May 27 In my diary entry for April 8, I wrote that:
“Enforced isolation has an ambiguous effect on the two experiences. On the one hand it has made solitude a still more valued practice. In families where the adults are working at home, the children are about all day long, the garden is small or non-existent, periods of solitary escape have become as desirable and unattainable as supermarket delivery slots … On the other hand, it has made loneliness still more threatening. It becomes more difficult to make physical contact with such friends as the individual possesses. Intermittent escapes from an empty home to shops, cafes, local libraries, public entertainments, are now forbidden.” I concluded that, “Where the balance will finally be struck in these contrasting effects of isolation remains to be seen.”
Now the evidence is beginning to appear to answer this question. The crisis has stimulated the creation of a number of major research projects across the social sciences, which have been planned, funded and put into practice in a remarkably short space of time. One of the largest of these is the UCL Nuffield Covid 19 Social Study. This is a questionnaire-based survey which currently has 90,000 respondents. It is not a representative statistical sample of the population, but is large enough to generate substantial conclusions. The research team, led by Daisy Fancourt and Andrew Steptoe, have a sophisticated grasp of the concepts and categories of mental health, and are publishing weekly bulletins of their findings.
The ‘Covid-19 Social Study Results Release 8’, on 13 May, was particularly interesting.* Table 21 measured the incidence of ‘Loneliness’ on the industry-standard UCLA loneliness scale. This was unchanged across the lockdown period at around 5%. This is the same level as more cautious observers and social historians have projected across the entire post-war period, and about a quarter of the claims made in the Government’s current loneliness strategy. Whatever else it is doing, the covid19 epidemic is not causing an epidemic of loneliness.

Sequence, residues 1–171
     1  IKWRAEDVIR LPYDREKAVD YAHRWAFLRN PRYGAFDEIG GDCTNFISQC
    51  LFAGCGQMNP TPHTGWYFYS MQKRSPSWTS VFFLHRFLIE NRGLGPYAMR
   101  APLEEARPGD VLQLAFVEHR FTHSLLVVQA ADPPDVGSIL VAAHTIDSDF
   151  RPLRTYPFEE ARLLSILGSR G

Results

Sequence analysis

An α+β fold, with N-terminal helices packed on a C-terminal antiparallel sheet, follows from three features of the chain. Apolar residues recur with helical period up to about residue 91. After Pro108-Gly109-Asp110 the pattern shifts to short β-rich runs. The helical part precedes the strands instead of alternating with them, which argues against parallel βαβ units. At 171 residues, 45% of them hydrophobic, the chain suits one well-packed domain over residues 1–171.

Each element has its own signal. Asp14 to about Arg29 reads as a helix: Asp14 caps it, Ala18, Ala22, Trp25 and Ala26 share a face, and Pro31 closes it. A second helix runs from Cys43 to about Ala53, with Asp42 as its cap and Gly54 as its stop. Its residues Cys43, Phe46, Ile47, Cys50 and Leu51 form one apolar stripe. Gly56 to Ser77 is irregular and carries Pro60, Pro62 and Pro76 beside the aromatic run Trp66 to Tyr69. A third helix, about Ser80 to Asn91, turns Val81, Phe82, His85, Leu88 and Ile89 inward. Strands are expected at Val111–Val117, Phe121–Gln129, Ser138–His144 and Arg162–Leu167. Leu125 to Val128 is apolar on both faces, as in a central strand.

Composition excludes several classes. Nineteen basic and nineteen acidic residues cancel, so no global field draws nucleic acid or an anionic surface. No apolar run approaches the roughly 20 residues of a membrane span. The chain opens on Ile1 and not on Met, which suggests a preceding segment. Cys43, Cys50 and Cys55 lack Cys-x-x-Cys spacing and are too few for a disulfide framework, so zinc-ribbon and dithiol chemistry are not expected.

The team found that the condition was “higher amongst younger adults, those living alone, those with lower household income levels, and those with an existing diagnosed mental health condition. They are also higher amongst women, people with children, and people living in urban areas.” It was correspondingly lower than 5% amongst those over 60, those with higher incomes, those without mental health conditions, and those living without children.
Table 27, by contrast, measured ‘Activities missed during lockdown.’ At the top of the table, not surprisingly, were ‘Meeting up with family’ and ‘Meeting up with friends.’ Half way down was ‘Having time alone.’ This was the solitude measure. The analysts broke down the emotion only by age. The younger the respondent, the more likely they were to be lacking time alone.
What is really interesting is the volume. Just over thirty per cent of the population were included in this category.
In other words, after an extended period of lockdown, solitude is being sought by six times as many people as are experiencing loneliness.